Japan has responded to the COVID-19 news by stripping shops bare of toilet paper. This episode reveals interesting insights into the country, says the Financial Times’ Leo Lewis.
TOKYO: In happier times a fortnight ago, the hand-scrawled notices taped to public toilet doors, urging economy with loo paper and politely urging customers not to steal were just a disturbing curio of life in Tokyo.
By last weekend, with shops across Japan sold out of the precious tissue and Prime Minister Shinzo Abe preaching against panic, TV news shows collated more ominous signage from around the country — some snarling that in-lavatory larceny would bring a police response, others closing their restrooms altogether, defeated by the crime spree.
But it was the images that appeared on Monday, of toilet paper rolls bound to their dispensers with bicycle locks, that finally told a nation that Japan had descended into Lord of the Flies-style depravity.
“Bicycle locks on a ¥50 (US$0.50) toilet roll?” writhed social media. In a country where even bicycles sometimes don’t need locks? Are we humans or beasts? What will they think of us when (or if) the world arrives in July for the Olympics?
HUGE SENSE OF URGENCY
Japan, of course, is far from alone in responding to alarming coronavirus news by stripping shops bare of toilet paper. The sense of urgency spiked after Mr Abe recommended telework for the few who were able and abruptly called for schools to close, forcing households to stock up for an unusual stint of extended time at home.
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It doesn’t matter where you are, what the crisis or how reassuring the authorities sound when they say supplies are plentiful (as they are in Japan). The least imaginative among us can envisage the cost of running out of toilet paper, and are overcome with primal fear.
“On this matter, we cannot trust Abe. He says Japan is self-sufficient in toilet paper, but anyone can see the shops are empty,” said one woman standing ninth in a queue for a Tokyo pharmacy that would not open for another hour.
But for Japan, those same demons mount an extra, pernicious challenge. The paper panic, however flimsy it turns out to be, reveals as unconquerable something Japan dearly wants to believe it has conquered.
Worse, it comes at a time when the country had hoped to put its toilet triumphalism on the global stage. The summer Olympics were to have showcased Japan’s WC supremacy: The three biggest toilet makers — Toto, Lixil and Panasonic — have collectively spent more than US$200 million to be prominent sponsors of the 2020 games.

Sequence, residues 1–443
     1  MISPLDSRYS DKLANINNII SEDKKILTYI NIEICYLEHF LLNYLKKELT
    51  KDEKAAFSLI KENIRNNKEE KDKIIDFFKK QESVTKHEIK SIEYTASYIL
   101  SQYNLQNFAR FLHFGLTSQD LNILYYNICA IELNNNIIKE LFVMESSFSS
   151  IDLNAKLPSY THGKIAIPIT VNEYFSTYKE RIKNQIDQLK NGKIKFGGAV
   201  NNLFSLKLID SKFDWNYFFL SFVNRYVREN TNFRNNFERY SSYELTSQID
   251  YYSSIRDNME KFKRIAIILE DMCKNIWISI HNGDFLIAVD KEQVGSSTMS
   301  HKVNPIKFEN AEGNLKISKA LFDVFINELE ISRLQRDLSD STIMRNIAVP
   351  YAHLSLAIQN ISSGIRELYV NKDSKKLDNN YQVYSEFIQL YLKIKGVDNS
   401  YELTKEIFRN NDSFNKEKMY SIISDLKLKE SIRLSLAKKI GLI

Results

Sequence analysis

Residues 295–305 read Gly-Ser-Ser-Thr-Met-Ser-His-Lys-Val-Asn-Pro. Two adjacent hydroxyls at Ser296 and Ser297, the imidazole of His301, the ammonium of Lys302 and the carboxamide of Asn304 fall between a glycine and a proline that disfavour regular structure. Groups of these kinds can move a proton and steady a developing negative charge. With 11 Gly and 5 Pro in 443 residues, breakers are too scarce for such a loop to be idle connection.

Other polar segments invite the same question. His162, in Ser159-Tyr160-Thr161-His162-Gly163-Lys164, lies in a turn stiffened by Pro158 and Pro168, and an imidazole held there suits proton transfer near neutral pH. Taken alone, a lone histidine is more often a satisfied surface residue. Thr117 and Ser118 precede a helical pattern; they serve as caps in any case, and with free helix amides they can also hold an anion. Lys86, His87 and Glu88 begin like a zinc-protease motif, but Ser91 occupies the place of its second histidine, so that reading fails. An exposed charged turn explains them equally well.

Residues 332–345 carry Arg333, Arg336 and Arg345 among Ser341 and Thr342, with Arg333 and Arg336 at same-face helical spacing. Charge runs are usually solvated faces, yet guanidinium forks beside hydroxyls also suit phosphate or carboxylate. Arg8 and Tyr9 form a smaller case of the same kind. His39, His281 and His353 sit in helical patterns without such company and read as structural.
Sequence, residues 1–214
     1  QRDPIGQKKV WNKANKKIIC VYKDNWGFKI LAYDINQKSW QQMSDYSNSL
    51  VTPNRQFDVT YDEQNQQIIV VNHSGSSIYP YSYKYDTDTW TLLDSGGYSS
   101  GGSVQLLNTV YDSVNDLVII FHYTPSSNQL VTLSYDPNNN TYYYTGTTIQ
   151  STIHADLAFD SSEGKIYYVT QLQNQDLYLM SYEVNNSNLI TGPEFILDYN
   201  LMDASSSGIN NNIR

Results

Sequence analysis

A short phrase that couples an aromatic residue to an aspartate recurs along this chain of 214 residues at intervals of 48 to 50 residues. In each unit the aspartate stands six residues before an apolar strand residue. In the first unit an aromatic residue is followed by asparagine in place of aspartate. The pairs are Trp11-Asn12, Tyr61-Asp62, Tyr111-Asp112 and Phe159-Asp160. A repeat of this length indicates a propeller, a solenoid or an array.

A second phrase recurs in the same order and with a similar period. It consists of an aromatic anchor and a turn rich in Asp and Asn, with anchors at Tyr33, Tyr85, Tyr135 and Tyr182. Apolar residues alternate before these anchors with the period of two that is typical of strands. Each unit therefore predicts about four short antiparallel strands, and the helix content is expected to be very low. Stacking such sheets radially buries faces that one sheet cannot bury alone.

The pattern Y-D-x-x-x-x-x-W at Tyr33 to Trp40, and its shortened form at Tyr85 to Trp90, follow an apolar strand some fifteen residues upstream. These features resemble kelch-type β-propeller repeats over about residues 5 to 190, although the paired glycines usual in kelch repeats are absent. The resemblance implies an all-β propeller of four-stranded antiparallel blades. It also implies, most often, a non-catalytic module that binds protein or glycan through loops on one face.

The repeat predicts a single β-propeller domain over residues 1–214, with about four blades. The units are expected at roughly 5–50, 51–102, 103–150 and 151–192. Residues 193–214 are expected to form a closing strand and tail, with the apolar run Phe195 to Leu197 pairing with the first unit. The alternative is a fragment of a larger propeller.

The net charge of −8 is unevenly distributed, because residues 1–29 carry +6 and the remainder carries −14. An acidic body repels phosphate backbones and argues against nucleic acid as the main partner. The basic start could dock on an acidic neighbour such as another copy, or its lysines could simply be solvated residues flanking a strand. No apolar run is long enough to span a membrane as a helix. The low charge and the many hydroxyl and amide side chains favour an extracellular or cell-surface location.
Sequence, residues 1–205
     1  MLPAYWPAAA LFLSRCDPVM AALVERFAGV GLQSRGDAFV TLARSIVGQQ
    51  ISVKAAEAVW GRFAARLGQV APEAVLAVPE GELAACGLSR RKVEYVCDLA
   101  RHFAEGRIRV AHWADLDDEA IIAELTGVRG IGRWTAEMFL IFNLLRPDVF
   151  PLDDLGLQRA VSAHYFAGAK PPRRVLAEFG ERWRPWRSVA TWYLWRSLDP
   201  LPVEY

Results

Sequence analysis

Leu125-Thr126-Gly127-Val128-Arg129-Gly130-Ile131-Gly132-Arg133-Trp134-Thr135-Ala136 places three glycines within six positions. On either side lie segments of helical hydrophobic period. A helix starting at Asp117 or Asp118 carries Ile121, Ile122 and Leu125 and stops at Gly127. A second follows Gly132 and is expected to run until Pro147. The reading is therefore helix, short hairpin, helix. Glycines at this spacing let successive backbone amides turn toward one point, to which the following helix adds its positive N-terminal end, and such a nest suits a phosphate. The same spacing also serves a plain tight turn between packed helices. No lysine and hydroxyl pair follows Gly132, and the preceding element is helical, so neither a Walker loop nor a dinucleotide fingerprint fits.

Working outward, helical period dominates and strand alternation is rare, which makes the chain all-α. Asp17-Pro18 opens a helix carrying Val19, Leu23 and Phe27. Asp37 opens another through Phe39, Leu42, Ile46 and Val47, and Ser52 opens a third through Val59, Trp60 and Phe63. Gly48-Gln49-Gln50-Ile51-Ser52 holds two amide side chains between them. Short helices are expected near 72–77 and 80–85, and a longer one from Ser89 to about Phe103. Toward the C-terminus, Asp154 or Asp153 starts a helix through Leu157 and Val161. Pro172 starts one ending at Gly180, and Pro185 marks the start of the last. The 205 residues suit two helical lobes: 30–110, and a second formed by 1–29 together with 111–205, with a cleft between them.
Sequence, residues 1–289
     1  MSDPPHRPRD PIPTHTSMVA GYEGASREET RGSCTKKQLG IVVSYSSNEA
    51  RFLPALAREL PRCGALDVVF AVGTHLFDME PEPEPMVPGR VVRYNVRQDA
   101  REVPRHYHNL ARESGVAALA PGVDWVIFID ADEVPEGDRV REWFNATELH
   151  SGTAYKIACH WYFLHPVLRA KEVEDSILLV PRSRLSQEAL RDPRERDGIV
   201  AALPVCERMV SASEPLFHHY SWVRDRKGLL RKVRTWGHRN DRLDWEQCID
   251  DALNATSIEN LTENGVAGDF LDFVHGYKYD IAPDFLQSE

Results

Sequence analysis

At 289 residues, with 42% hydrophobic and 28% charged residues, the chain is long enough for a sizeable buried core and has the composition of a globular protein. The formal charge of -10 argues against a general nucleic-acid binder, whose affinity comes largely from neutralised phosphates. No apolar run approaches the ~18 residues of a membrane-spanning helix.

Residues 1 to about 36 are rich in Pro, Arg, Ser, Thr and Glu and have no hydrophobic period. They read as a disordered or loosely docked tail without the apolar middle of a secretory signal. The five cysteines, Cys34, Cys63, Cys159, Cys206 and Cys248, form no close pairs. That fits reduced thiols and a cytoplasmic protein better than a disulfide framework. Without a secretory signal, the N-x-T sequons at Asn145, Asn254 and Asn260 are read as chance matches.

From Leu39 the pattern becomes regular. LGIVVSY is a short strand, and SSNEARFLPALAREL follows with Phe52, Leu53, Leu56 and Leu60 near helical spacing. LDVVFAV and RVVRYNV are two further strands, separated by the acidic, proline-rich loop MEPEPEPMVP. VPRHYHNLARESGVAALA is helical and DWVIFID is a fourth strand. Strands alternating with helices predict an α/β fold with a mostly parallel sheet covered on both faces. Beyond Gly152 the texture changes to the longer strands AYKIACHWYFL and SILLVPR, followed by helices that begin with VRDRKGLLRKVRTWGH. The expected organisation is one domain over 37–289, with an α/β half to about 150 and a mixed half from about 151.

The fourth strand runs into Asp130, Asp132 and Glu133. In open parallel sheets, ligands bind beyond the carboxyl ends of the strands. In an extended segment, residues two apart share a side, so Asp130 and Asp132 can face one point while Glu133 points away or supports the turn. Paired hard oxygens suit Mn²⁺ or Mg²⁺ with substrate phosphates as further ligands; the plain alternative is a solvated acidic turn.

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JAPAN’S TOILETS REVEAL A SIDE OF THE COUNTRY
For decades now, Japan’s sophisticated toilets have seemed — to foreign commentators — to be an Enigma machine for decoding the nation that produces them.
The auto-warming seats, the complex bank of adjustable bidet sprays, the anti-bacterial “pre-mist” self-cleaning feature, the euphemistic pictograms: What could be more Japanese?
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But these marvels are just the front-of-house stuff. Were it not currently closed because of the coronavirus, Tokyo’s “Rainbow” Sewerage Museum would offer a fuller grasp of Japan’s relationship with this issue.
This facility explains in glorious civil engineering detail how the world’s most populous city went about mastering its waste. It does this with the nonchalant primacy of King Kong’s captors boasting how the terrifying beast was subdued.
It is a powerful reminder of Japan’s guiding credo that the most forbidding forces of nature can and must be tamed by ingenuity, effort and economic might.
In the case of sewage and toilets, Japan’s success in this endeavour is undoubtedly — world-beatingly — impressive. So much so that a substance globally synonymous with vileness and disease is comfortably celebrated at a cutesy “poop museum” that opened in Tokyo last year.
SOME MONSTERS NEVER TAMED
And yet, Japan has learnt in the past few days that some monsters are only ever superficially tamed.
For all of its extraordinary and pioneering technology, Japan’s largest toilet maker, Toto, confirmed this week that the company has never claimed that its machines provide an alternative to toilet paper.
You can wow museum visitors with interactive models of the world’s most advanced sewerage systems, make bathroom hygiene your Olympic calling card and sell millions of top-of-the range NeoRest toilets, but when human fear takes over, the gulf between civilisation and bathroom bicycle locks is bridgeable only with a thin tissue.